Marie masked the resulting pain with epic doses of – what else – retail therapy, and her outlandish spending on fashions and the remodeling of Versailles became rich fodder for the earliest gossip pamphlets that proved to be the ancestors of TMZ. Blaming her – a Queen with little influence – for all of France’s problems became all the rage, and it wasn’t long before her neck was literally on the chopping block.

Despite experiencing more wealth and power than most people could ever dream of, Marie yearns for the most basic things: freedom, love, and a chance to determine her own destiny.

In Revolutions, Marie, at age 37, narrowly avoids the guillotine and, with what remains of her shattered family, is finally given a chance to achieve exactly those things. But in order to prove that everyone was wrong about her, she’ll have to learn the lessons of the past while navigating a new, highly unexpected and improbable future...


Brave, dashing, and worldly, Axel von Fersen (37) possesses all the characteristics of a true hero (not surprisingly, he was played by none other than Tyrone Power in the 1938 film “Marie Antoinette”.) Not only a soldier but also a Swedish Count, Axel instantly became the object of Marie’s infatuation when she first laid eyes on him at age 18. His charisma is such that, despite his obvious connection with Marie, he also managed to earn the King’s trust and was a welcome insider at Versailles for many years.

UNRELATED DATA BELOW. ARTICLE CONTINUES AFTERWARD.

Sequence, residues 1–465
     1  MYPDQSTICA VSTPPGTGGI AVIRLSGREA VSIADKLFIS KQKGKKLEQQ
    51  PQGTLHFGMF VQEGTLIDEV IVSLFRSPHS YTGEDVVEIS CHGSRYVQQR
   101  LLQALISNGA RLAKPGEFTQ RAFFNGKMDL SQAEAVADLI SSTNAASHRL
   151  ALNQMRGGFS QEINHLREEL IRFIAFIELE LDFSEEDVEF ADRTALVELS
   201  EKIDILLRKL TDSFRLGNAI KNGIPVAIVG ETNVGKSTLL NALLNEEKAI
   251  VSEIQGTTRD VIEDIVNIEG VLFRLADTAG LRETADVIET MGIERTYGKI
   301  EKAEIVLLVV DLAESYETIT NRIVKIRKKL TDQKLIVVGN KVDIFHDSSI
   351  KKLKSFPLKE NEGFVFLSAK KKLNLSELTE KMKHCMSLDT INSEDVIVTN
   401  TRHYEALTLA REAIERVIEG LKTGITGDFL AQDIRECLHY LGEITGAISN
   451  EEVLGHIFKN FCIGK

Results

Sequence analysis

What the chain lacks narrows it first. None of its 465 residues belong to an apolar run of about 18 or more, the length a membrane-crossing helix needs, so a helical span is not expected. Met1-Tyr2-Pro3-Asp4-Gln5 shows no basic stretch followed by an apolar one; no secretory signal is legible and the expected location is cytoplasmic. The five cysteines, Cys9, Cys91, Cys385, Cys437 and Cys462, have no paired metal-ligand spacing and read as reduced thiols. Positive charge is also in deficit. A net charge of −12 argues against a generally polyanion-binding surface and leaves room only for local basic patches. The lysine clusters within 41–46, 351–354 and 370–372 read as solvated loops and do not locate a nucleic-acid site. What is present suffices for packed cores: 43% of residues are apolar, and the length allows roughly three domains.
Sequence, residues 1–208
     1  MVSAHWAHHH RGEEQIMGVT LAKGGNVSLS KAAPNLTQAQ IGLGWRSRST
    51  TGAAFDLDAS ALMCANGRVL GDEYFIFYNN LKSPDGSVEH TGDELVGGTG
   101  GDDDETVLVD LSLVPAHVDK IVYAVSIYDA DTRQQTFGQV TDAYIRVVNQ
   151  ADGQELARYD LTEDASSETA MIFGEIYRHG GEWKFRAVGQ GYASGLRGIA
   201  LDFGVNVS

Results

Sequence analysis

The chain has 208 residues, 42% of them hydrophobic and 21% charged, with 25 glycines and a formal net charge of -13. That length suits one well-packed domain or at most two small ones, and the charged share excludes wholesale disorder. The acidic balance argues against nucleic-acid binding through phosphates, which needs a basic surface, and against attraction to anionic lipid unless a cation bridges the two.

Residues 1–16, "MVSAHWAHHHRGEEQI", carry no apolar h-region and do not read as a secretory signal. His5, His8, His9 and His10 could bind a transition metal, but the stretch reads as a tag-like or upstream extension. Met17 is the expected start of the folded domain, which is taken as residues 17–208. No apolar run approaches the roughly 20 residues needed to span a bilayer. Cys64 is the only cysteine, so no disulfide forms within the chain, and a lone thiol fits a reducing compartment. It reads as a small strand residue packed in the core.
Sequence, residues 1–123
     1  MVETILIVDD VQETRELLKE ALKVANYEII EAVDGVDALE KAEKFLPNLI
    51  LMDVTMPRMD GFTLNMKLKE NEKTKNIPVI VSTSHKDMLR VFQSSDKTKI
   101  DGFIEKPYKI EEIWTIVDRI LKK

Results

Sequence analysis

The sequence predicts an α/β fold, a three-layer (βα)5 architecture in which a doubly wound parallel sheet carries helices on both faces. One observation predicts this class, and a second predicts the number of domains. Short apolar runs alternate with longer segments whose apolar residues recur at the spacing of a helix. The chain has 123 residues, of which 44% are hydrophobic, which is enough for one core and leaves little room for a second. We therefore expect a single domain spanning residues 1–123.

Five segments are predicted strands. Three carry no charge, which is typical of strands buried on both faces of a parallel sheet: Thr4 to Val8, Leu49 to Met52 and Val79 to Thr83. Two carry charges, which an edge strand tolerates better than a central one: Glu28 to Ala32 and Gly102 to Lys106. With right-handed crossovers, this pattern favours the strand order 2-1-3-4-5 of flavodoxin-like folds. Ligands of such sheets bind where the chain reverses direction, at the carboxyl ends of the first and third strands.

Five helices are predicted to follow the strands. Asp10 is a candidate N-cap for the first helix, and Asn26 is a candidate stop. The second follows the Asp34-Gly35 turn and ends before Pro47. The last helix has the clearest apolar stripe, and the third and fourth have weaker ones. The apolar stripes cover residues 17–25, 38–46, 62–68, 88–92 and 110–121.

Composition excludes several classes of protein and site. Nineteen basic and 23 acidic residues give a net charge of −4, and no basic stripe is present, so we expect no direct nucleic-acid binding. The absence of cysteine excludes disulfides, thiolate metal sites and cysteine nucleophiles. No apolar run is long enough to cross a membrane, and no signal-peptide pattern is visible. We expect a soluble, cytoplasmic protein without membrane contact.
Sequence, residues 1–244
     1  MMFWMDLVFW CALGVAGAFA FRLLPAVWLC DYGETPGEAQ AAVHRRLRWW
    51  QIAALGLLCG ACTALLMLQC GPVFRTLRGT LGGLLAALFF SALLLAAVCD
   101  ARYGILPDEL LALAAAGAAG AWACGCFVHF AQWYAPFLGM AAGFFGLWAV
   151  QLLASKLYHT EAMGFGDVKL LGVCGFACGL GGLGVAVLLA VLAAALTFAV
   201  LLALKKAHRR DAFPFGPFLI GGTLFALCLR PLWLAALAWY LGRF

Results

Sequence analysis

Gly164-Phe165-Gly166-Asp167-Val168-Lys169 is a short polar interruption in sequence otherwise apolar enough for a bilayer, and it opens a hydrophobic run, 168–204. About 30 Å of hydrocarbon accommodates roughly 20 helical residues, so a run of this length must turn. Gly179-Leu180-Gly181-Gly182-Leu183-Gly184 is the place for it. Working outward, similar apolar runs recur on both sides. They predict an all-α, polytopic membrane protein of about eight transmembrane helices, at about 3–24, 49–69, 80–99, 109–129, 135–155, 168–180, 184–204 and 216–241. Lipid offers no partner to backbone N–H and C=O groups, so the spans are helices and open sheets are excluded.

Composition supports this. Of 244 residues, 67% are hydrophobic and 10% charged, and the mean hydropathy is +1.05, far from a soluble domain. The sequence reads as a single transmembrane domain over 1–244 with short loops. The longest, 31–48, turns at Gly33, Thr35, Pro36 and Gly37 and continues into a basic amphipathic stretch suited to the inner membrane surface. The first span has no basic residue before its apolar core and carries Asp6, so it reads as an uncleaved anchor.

Axel’s fearless nature, lust for adventure, and fierce loyalty led him to such heroic acts as fighting in the American revolution – where he was decorated by General George Washington himself – as well as masterminding Louis and Marie’s most elaborate real-life escape attempt during the Revolution – the infamous Flight to Varennes.

Axel brings a healthy dose of swashbuckling action, heart-pounding heroism and swoon-worthy chivalry to Revolutions. And now, he will finally have the chance to consummate his long-simmering relationship with Marie, but he’ll have to find her in America first...


Swan (30) is a man of many careers: financier, shipping magnate, and land baron (he once owned over 2 million acres of land in the US). Much like an old school Richard Branson, Swan – despite his enormous wealth – consistently sought out adventure and projects so daunting that few sane men would take them on. For instance, following the American Revolution, he actually assumed the entire debt owed by the U.S. to France and resold it at profit on the market. No surprise then that he would become immersed in one of history’s greatest plots – the escape of Marie Antoinette from revolutionary France to America.

Having emigrated from Scotland to the U.S. as a boy and gone on to build his own empire, Swan is the embodiment of the American Dream and should make an ideal guide and mentor for Marie as she attempts to rebuild her own life in America. He serves as her entrée to America’s political and industrial elite – introductions that will play a key role in Marie’s re-ascension to power.

The question remains though, what does Swan ultimately want in return for risking so much for a woman he’s never even met...?


This salty sailor and captain of the sloop “Sally” plays a key role in Marie’s escape – not only ferrying her out of France and across the Atlantic, but offering her refuge in his Maine home upon their arrival in America.